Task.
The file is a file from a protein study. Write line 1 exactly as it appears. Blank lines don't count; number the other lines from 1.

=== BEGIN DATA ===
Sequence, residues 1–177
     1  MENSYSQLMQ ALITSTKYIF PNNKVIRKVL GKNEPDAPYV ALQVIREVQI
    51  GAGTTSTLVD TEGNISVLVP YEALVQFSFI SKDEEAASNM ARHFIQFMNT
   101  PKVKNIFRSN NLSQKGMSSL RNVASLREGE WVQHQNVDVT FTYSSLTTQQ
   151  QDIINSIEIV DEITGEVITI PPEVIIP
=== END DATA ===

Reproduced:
Sequence, residues 1–177